Ironically, Wolfgang, who had grown a strong resentment towards the church, had to work not only for one but for multiple churches – a largely African-American congregation, a largely Hispanic congregation, and an old German-speaking congregation. Together these different church congregations formed the Camden Lutheran Parish.
But that didn’t deter him from finding joy and developing a passion for his work, especially the after-school-program, which was under his supervision. There he could truly feel his work’s impact on the community – how the simplest of actions could make a big difference for these children. But he also found what was lacking in his church back home: an active church, a caring church, and a church that actively fights for social justice.
“You know”, Wolfgang said, while we were having a debate about the impact of our peace services, “Camden was so desperate, so poor, so miserable, that just a small effort made a huge difference there.” Of course, portraying Wolfgang’s work in Camden as a “little effort,” is beyond an unjust mischaracterization of his efforts. In the end, he (co-)founded numerous organizations to help those in need in Camden, including a church, affordable-housing cooperation, and a day shelter for people who experienced homelessness. His life and work in Camden definitely left a mark on the city.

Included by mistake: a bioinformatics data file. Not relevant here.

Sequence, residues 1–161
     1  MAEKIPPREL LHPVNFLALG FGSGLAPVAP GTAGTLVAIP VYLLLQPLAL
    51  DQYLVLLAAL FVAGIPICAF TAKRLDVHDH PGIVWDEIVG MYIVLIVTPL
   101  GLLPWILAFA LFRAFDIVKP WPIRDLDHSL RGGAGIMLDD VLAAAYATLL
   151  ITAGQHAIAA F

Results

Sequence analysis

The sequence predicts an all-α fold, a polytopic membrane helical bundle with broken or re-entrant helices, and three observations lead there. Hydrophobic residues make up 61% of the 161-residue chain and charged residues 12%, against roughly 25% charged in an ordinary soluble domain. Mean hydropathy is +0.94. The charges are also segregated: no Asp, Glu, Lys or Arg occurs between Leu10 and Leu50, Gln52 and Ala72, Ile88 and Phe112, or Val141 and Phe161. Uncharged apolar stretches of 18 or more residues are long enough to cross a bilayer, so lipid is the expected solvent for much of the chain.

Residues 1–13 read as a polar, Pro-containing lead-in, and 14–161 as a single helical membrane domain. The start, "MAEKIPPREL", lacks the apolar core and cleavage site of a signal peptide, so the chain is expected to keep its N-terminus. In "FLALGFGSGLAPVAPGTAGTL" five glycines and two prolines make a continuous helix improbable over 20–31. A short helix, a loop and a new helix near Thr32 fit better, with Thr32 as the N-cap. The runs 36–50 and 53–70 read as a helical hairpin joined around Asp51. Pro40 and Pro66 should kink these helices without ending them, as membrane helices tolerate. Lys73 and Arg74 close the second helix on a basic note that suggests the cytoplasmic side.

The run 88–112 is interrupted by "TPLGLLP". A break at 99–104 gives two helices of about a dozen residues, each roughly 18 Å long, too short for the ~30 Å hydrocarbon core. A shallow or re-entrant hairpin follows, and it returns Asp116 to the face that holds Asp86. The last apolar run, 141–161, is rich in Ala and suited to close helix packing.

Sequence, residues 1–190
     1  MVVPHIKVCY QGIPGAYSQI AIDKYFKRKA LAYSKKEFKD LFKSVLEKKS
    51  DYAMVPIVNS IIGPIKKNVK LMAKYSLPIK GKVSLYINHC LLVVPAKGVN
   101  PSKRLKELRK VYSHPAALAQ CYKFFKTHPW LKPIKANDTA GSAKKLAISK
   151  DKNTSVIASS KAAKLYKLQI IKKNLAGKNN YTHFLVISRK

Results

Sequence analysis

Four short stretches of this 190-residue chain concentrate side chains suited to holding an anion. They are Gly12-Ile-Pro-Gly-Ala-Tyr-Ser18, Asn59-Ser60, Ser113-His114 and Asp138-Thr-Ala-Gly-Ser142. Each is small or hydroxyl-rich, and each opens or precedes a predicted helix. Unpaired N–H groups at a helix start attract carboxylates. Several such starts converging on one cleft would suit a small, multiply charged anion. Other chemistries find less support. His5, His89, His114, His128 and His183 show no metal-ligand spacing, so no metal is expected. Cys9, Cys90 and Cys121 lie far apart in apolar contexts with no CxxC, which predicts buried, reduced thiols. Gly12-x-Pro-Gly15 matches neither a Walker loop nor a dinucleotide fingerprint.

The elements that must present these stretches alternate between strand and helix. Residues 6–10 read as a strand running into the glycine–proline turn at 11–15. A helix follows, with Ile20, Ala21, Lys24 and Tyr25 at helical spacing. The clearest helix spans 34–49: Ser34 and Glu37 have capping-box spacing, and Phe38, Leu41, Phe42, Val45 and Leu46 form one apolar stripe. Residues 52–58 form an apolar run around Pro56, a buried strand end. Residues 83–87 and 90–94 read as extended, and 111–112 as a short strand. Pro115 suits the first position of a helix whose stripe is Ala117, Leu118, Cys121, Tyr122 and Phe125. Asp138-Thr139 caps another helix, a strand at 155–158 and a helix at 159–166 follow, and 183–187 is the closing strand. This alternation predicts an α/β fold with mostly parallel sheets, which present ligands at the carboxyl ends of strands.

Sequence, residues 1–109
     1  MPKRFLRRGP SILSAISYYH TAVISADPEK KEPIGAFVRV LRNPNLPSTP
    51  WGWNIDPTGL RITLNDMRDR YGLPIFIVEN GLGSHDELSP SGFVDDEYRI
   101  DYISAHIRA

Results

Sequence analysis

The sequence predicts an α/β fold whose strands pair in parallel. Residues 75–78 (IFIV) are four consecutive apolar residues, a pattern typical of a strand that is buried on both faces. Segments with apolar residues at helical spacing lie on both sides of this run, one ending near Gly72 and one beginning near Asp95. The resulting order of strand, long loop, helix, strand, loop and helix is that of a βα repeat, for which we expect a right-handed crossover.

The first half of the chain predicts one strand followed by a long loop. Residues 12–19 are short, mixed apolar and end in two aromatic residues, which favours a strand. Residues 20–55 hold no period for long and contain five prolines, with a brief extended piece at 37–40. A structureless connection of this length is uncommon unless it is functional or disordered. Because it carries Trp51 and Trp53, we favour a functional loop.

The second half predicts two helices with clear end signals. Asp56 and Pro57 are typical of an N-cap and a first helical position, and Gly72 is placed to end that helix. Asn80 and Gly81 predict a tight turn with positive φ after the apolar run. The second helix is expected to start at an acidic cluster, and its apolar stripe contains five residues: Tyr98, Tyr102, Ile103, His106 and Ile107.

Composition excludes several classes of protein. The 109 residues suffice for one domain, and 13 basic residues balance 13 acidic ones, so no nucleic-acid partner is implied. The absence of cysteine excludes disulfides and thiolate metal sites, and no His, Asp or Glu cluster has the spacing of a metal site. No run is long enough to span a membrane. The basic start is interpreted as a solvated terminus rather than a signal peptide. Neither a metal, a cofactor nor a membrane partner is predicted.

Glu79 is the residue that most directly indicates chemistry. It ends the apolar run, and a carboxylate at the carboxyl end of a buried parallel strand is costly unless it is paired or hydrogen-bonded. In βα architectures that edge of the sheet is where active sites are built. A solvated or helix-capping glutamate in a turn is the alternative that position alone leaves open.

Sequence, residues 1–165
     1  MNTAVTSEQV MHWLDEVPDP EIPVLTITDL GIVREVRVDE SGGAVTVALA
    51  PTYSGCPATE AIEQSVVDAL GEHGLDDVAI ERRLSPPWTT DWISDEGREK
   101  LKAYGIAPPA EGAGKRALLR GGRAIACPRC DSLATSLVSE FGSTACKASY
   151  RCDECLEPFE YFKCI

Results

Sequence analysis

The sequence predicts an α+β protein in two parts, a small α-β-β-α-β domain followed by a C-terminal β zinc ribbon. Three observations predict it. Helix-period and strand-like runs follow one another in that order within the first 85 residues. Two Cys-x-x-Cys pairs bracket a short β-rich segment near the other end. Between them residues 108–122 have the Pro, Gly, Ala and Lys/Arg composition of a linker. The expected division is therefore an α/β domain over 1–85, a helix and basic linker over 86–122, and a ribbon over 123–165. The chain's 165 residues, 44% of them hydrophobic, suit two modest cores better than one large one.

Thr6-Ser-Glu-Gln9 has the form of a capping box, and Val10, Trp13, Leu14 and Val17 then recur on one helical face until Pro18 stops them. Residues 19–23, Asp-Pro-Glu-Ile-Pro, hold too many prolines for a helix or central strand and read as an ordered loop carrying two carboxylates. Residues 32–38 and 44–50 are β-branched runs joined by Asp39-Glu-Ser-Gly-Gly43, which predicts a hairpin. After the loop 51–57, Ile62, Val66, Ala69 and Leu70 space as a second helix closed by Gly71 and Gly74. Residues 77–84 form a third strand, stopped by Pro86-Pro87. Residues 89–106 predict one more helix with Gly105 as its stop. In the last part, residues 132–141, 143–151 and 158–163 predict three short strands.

Camden’s impact on Wolfgang
But not only did Wolfgang transform Camden, it undeniably changed him too. It was in Camden, where he met his wife Margaret, another Lutheran Pastor, and one of the first female Lutheran African-American pastors in the country, and together they built a family, consisting of them and their two sons Kyle and Josef. And even in the vulnerable and often fast-changing phase of raising a young family, they didn’t leave Camden. Although Josef’s birth was dramatic and exhausting for the family and required a lot of attention and medical care in the aftermath, Camden was still the place that felt like home, like the place where they were supposed to be. It was the community to which they belonged and were a part of.
To this date, Wolfgang also proudly cherishes his German roots: he eats his eggs hard-boiled, prefers the beer from his home country, and is quite on time. I was curious if he ever got homesick or regretted settling here. He smirkingly answers, that he only felt homesick when he was back in Germany after his volunteer service: homesick for Camden.